Having spent the bulk of my years in ministry residing and serving in mountainous regions, this Puritan prayer, from which the Valley of Vision collection takes its title, has always carried deep meaning for me. For not only was it descriptive of my geographic and topographic surroundings, but even now that I am living a long way from any of the mountains I love, this prayer vividly depicts the state of my soul and reminds me of my hope.
Lord, High and Holy, meek and lowly,
Thou hast brought me to the valley of vision,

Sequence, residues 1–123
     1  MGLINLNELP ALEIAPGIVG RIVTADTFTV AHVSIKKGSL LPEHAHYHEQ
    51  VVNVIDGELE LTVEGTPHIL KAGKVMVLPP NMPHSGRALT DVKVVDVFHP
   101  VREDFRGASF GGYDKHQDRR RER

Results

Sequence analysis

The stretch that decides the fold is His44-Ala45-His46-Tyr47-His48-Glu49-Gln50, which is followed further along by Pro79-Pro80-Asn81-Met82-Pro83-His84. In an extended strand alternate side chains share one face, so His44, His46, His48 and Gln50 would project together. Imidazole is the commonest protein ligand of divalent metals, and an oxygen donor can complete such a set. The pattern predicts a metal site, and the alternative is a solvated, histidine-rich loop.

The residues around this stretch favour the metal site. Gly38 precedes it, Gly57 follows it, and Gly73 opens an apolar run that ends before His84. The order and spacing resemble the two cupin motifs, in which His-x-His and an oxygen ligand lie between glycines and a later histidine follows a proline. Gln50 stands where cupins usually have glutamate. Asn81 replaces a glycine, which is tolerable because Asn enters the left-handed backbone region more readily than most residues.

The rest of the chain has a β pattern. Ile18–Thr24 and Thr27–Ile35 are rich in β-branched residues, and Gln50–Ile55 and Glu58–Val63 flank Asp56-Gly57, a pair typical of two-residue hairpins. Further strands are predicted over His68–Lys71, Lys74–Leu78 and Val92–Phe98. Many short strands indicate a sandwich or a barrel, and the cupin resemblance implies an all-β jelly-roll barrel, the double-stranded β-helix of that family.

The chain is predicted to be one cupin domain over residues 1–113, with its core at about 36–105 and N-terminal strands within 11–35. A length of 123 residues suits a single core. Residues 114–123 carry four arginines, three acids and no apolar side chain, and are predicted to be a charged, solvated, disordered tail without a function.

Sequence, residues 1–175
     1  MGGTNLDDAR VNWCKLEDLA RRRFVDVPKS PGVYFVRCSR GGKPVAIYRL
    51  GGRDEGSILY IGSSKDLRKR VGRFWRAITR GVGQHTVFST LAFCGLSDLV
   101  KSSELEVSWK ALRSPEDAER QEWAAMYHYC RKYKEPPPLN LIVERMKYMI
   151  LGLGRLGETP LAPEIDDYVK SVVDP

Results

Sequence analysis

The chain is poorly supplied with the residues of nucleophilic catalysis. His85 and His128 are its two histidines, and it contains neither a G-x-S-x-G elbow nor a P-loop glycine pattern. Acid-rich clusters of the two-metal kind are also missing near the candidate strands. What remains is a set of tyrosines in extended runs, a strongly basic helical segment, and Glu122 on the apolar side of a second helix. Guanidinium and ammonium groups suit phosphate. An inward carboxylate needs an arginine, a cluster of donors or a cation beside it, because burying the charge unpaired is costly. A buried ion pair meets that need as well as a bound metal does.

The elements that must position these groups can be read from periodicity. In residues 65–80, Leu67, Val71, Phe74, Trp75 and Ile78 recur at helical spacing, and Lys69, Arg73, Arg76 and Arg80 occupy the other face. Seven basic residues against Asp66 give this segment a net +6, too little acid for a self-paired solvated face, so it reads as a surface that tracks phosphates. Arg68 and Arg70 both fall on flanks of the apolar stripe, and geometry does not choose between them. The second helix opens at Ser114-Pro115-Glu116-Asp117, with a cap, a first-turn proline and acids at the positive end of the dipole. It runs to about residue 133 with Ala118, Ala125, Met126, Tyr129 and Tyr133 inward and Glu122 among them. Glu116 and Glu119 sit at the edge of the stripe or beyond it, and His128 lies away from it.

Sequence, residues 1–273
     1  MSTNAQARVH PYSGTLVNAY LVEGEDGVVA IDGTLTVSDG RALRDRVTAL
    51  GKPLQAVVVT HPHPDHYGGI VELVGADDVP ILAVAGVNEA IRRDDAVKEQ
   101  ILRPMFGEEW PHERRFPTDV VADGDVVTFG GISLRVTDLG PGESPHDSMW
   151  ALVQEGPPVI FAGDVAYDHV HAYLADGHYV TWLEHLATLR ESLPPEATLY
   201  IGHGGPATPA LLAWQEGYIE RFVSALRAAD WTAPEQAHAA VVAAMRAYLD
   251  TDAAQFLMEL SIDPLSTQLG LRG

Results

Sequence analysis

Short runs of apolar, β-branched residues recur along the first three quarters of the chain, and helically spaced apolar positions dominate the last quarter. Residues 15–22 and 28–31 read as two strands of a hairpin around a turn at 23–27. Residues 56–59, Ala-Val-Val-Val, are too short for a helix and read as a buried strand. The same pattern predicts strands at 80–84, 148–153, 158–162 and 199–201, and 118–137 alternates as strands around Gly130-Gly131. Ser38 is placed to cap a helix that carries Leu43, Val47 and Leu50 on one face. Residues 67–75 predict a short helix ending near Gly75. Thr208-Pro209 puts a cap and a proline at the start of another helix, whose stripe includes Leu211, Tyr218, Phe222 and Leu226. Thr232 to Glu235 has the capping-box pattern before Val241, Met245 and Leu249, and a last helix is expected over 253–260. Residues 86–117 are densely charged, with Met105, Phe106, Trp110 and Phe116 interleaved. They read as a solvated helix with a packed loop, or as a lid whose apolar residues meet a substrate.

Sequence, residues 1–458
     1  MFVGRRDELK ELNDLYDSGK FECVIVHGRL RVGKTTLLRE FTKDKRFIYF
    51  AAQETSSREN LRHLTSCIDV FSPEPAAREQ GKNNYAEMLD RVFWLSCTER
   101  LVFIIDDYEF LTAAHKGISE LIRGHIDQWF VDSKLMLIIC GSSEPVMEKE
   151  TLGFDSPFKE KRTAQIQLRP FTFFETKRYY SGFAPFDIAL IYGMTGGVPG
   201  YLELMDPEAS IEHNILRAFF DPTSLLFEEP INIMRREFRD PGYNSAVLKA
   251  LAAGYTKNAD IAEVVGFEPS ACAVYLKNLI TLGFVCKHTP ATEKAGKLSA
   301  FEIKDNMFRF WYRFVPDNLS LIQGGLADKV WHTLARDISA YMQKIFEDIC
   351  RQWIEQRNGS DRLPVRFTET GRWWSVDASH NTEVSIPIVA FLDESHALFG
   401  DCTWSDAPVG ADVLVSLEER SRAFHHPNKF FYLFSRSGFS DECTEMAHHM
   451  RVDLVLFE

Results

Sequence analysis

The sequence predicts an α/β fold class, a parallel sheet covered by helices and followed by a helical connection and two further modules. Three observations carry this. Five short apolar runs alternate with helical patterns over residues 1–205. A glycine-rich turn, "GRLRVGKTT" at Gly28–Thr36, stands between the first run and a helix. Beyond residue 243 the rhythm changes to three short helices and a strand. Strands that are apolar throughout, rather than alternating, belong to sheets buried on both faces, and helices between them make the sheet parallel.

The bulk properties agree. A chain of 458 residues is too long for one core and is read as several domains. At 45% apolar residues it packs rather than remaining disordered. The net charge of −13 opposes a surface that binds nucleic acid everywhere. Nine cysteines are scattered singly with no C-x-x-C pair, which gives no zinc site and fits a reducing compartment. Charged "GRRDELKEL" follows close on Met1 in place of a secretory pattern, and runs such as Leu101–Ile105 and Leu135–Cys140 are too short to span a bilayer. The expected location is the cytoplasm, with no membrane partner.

where I live in the depths but see thee in the heights;
hemmed in by mountains of sin, I behold thy glory.
Let me learn by paradox
that the way down is the way up,
that to be low is to be high,
that the broken heart is the healed heart,
that the contrite spirit is the rejoicing spirit,
that the repenting soul is the victorious soul,
that to have nothing is to possess all,
that to bear the cross is to wear the crown,
that to give is to receive,
that the valley is the place of vision.
Lord, in the daytime stars can be seen from deepest wells,
and the deeper the wells the brighter your stars shine;
Let me find your light in my darkness,
your life in my death,
your joy in my sorrow,
your grace in my sin,
your riches in my poverty
your glory in my valley.